Into The Woods
October 9, 10, 16, 17, 18, 23, 24, 25, 2009

Cast (in order of appearance)
NarratorBrian Vigorito
CinderellaGwen Vigorito
JackJustin Doncsecz
Jack's MotherCarole Silvoy
BakerRichard Gunkle
Baker's WifeAlicia Pfaff
Cinderella's StepmotherSyd Stauffer
FlorindaStacy Gabel
LucindaLauren Albers
Cinderella's FatherPhil Markley
Little Red Riding HoodAndrea Cobb
WitchElizabeth Marsh
Cinderella's MotherKelly Schmidt
Mysterious Man/WolfMichael Pesavento
Granny/GiantWendy Borst
RapunzelKatie Meo
Rapunzel's PrinceHunter Chadeayne
Cinderella's PrinceGregory Paradis
StewardNate Kuhns
Snow WhiteSara Faubert
Sleeping BeautySabrina Mastonardo
Milky WhitePaul C. Bonnicci
Production Staff
DirectorRody Gilkeson
Music DirectorNancy Shumaker

Cast Photos
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Playhouse 'Into The Woods' cast rises to Sondheim's musical challenge

By Kathy Lauer-Williams
October 14, 2009

A talented cast of 23 does Stephen Sondheim proud in Pennsylvania Playhouse's version of the twisted fairy tale musical ''Into The Woods.''

The modern parable, which showcases Sondheim's intricate melodies and complex lyrics, didn't daunt the many voices of the playhouse's cast, as words and music flew like aural darts throughout the 23/4-hour show.

Backed by a small but effective orchestra, the show moved briskly under the direction of Rody Gilkeson.

The only quibble is that the actors could have been amplified more, since you need to hear every word clearly to appreciate Sondheim's humorous wordplay.

In the first act, the characters go through the familiar Grimm Fairy Tale storylines ending with ''happily ever after.''

The darker second act explores the consequences of each character's actions -- some of which are dire -- as the characters lie, cheat, fight and even kill.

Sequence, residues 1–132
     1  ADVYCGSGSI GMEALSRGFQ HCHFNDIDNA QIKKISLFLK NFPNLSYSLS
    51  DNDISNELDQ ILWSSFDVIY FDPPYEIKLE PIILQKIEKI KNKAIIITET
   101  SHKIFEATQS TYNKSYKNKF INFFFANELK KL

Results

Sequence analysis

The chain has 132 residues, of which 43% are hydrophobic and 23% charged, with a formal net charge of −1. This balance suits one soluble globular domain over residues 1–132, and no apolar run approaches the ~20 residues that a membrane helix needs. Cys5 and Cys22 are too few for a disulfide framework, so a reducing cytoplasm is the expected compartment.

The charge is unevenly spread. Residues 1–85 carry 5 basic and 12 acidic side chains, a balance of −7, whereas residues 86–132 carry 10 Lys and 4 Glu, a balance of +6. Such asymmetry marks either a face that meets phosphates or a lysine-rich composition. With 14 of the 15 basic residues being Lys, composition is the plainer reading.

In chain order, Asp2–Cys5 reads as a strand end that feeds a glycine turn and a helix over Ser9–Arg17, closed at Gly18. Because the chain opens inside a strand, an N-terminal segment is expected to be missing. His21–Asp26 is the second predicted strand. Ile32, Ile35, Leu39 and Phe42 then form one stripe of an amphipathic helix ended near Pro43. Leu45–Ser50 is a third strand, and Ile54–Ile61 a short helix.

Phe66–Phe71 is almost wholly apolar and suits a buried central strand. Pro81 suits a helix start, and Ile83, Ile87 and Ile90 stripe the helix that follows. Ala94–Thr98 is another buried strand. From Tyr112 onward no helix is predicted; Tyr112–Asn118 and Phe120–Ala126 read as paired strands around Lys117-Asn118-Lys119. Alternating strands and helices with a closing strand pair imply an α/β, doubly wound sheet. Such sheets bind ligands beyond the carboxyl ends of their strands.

As the most human of the fairy tale characters, Richard Gunkle and Alicia Pfaff as the baker and his wife are believable as a desperate childless couple and endearing in their quest to break the spell that prevents them from having a child.

Pfaff is appealing and feisty, even when she gives in to her impulses, and shines on her musical numbers. Gunkle is heartbreaking on the wistful song ''No More,'' which he sings to his infant son.

Cinderella, played by Gwen Vigorito, displays her character's uncertainty. Her duet with Pfaff on ''A Very Nice Prince'' is one of the show's highlights.

The sets complement the storybook quality of the show by turning the stage into a lush forest with hidden glades and groves aided by evocative lighting.

As the two not-so-perfect princes charming, Hunter Chadeayne and Gregory Paradis are scene stealers in their hilarious duet ''Agony.'' They sing how the quest for love can be more fulfilling than what waits at the end.

Andrea Cobb is effective as Red Riding Hood, who is not your typical sweet little girl. Traumatized by her experiences, she becomes an almost feral child who is quick to brandish her knife.

Justin Doncsecz is charming as the naive Jack and Carole Silvoy brings her powerhouse voice to the role of Jack's mother.

A standout in a small role is Paul Bonnici as Milky White the cow, who elicits many laughs with only the simple line ''moo.''

The wolf is wonderfully wicked and oily as played by Michael Pesavento, who shines on ''Hello Little Girl.''

As the witch, Elizabeth Marsh-Gilkeson is the voice of reason, although not always reasonable.

Katie Meo's Rapunzel, not surprisingly, is a little unhinged after all those years in the tower.

Copyright © 2009, The Morning Call

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